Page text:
I think it is reasonable to argue that the authors of the fostering stocktake, are guilty of perpetuating and encouraging an idealised version of what a carer is as it will accord with comfortable notions the public have. This prevents a wide-ranging debate about what kinds of foster carers are going to be needed if we; as a society, are genuine about wanting children in the care system to flourish. And if we do, we are more than likely to need ‘professional’ foster carers. The bottom line is that this is going to cost. The argument is there to be had: such damning statistics relating to educational opportunity and criminalisation are unarguable. They show the system we have is not fit for purpose.

It’s also worth considering the view of the now chancellor of Manchester University, poet and activist – Lemn Sissay – “children in care are in danger. They are in danger because they’re being placed with foster carers who are unqualified, unskilled and uninformed.” Harsh: certainly – and it has been called into question – as there are very many foster carers who would not consider themselves professionals but are unstinting, dedicated and produce amazing results for the children they care for. At Rainbow we certainly know that is the case as we work with outstanding, committed carers every day. But this is not really the point. Too many children overall are being failed and we have, as The Fostering Network rightly demands, a duty to “create a foster care system fit for the 21st century and for the tens of thousands of children who live with fostering families every day.” For more on Lemn Sissay visit

The future of care.

It would have been a useful exercise if the fostering stocktake had imagined what a system might look like. Many fostering service providers are working hard to attract professionals from disciplines where they will have come up against children with a whole range of behavioural problems. We are already seeing the emergence of the ‘Therapeutically’ trained foster carer. it is now possible to study for a Master degree in this area of fostering. In many senses what is happening now is market driven. With so many children coming into care with complex needs, if placements are going to stand a chance of being stable, ‘professional’ skills are going to be required of foster carers. The foster care stocktake should have imagined the means by which a professional cadre of foster carers can be created. And what it would cost? Maybe it would have been ‘eye-watering’, but that is not a reason to not to conduct the exercise. The prize: saving prodigious sums from health service budgets, penal system budgets as well as – what we all want – supporting children who have had very little in life to enjoy success and grow to be adults making a contribution to society.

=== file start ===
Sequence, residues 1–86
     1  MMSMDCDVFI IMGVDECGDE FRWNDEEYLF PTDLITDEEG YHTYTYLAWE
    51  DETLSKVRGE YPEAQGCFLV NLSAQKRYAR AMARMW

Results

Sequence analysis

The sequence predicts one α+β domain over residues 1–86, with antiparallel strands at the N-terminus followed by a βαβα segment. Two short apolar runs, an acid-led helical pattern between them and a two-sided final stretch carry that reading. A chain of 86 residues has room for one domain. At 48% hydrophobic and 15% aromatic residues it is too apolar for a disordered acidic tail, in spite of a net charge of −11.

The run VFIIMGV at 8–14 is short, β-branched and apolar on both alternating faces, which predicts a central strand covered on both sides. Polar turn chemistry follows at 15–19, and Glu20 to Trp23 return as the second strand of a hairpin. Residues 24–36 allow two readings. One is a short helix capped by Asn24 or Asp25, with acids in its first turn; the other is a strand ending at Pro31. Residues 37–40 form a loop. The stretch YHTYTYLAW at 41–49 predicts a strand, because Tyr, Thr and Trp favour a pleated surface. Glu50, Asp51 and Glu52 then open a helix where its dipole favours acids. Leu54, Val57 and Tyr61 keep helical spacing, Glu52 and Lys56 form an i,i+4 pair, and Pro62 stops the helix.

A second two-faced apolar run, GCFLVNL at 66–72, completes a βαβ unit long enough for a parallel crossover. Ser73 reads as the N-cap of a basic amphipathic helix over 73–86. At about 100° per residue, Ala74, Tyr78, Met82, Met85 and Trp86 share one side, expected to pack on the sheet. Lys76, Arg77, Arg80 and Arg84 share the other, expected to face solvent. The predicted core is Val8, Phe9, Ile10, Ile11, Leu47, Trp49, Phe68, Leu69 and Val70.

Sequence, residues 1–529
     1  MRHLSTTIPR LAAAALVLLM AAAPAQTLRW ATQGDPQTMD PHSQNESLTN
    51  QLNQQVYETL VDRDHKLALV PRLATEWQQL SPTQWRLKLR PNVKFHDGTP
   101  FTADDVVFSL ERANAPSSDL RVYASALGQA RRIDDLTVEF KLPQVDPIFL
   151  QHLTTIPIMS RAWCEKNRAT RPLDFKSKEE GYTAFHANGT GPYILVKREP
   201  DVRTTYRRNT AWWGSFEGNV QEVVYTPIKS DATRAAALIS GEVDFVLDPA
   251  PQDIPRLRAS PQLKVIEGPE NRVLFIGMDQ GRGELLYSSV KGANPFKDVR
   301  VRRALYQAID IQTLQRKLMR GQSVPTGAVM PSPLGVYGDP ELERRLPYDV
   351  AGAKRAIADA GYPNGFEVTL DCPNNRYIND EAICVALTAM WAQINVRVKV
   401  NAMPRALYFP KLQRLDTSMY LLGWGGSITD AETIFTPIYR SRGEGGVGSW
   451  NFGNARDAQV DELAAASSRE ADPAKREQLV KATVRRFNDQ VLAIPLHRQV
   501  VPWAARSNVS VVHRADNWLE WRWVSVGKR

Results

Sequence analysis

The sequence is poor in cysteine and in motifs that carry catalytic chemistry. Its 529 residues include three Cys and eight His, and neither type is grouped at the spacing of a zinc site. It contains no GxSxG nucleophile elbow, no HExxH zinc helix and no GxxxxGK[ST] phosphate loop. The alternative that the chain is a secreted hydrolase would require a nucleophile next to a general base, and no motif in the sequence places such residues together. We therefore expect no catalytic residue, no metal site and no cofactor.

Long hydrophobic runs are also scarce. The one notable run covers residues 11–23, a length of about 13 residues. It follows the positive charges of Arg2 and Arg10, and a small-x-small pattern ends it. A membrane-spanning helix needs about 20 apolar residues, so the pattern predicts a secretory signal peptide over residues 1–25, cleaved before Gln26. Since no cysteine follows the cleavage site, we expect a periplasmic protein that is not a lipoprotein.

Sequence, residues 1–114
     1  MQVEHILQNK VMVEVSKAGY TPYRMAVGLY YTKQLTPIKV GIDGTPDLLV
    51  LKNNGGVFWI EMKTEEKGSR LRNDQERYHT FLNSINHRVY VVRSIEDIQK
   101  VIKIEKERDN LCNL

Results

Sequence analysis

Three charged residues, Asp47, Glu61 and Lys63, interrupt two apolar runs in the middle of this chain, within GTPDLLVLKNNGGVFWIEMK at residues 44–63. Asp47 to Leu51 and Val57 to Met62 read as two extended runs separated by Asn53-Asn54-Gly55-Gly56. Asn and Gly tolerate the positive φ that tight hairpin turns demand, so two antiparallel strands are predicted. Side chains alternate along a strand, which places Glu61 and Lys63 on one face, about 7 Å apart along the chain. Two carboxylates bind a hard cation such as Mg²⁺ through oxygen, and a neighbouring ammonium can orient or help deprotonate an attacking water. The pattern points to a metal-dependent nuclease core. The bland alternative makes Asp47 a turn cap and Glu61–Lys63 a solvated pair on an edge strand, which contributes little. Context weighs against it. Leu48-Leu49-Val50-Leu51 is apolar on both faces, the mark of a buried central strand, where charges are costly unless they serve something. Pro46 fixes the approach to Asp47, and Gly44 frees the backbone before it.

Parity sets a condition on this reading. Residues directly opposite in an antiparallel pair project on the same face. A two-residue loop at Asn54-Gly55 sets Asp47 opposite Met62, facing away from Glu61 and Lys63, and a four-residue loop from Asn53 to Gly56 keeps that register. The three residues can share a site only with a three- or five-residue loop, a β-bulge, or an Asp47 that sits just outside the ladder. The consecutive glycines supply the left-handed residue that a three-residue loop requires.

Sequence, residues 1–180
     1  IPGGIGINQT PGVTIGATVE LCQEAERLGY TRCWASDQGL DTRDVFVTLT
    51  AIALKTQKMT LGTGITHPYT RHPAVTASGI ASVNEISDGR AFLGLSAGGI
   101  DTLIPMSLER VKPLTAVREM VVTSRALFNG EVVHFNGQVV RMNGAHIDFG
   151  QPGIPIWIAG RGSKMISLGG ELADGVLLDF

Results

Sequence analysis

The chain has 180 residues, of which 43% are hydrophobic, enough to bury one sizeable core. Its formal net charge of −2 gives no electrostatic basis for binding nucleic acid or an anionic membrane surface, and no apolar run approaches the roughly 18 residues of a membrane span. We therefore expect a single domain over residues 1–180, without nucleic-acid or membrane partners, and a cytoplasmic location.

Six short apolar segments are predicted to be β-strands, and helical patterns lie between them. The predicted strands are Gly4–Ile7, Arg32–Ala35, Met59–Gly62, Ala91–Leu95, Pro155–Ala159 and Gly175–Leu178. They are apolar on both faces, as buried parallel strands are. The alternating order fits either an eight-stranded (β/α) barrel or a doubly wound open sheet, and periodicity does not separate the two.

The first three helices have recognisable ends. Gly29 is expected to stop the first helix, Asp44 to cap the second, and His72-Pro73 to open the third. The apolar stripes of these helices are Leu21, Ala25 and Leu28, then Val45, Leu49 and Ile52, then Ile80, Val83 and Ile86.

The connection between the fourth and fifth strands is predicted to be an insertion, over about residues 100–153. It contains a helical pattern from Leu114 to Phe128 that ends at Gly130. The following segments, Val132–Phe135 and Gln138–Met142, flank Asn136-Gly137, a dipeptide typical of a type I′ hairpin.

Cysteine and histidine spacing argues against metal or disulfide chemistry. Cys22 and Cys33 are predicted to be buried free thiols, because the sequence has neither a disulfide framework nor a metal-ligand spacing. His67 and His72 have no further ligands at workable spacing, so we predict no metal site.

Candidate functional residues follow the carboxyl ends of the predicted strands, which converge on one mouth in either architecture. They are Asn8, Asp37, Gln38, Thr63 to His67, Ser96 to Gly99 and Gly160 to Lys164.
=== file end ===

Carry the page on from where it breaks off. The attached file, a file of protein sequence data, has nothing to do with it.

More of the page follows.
Could you be a foster carer with Rainbow Fostering in 2019?

Our goal is to recruit carers who can demonstrate the right capabilities, life experiences and qualities to support a child or young person. Team Rainbow is dedicated to finding, training and then supporting carers who can nurture and help a youngster to reach their full potential.

Being a foster carer means having a huge influence. You can make all the difference in the world to a child or young person.

Rainbow is an inclusive and welcoming community. We encourage applicants, whatever their ethnicity, religion or cultural background, sexual orientation or relationship status. This gives us the best chance of matching children with carers who reflect their experiences and background.

We are also looking for applicants who would be interested in thinking about a career in therapeutic fostering. This requires specialist training – it’s open to any applicant – but might particularly suit those who have had professional experience of working with children or young people. It is possible to earn between  £25,000 – £40,000  annually as a trained therapeutic carer. Please visit our web page for more details

Transfer to Rainbow today.

It is not uncommon for carers to transfer to another agency. At Rainbow, it is extremely rare for anyone to leave us. In fact, in the 21 years we have been in fostering, we now have many foster carers who have been with us for over ten years and more. Which tells its own story. It’s important you understand that all foster carers have the right to move to another agency. So if you are an approved foster carer and already registered with a fostering service provider and are looking for more support and career opportunities, call us. We’d love to have an informal chat about your aspirations and reasons for seeking a change. 020 8427 3355 or our National Line 0330 311 2845 are the numbers.

General requirements.

To care for a child or young person, you need to be over 21 and have a spare bedroom. We need people who are optimistic and resilient by nature. Fostering can present challenges. A sense of humour helps as does a high degree of commitment. Whilst we always work within our carers preferences, you should be willing to foster children of varying ages.

And to our carers remember we also pay a bonus of £500 if you are able to refer a friend or acquaintance to become a carer. You will receive payment once you have accepted your first placement. Just one of the very many benefits of being a carer with ‘Team Rainbow’.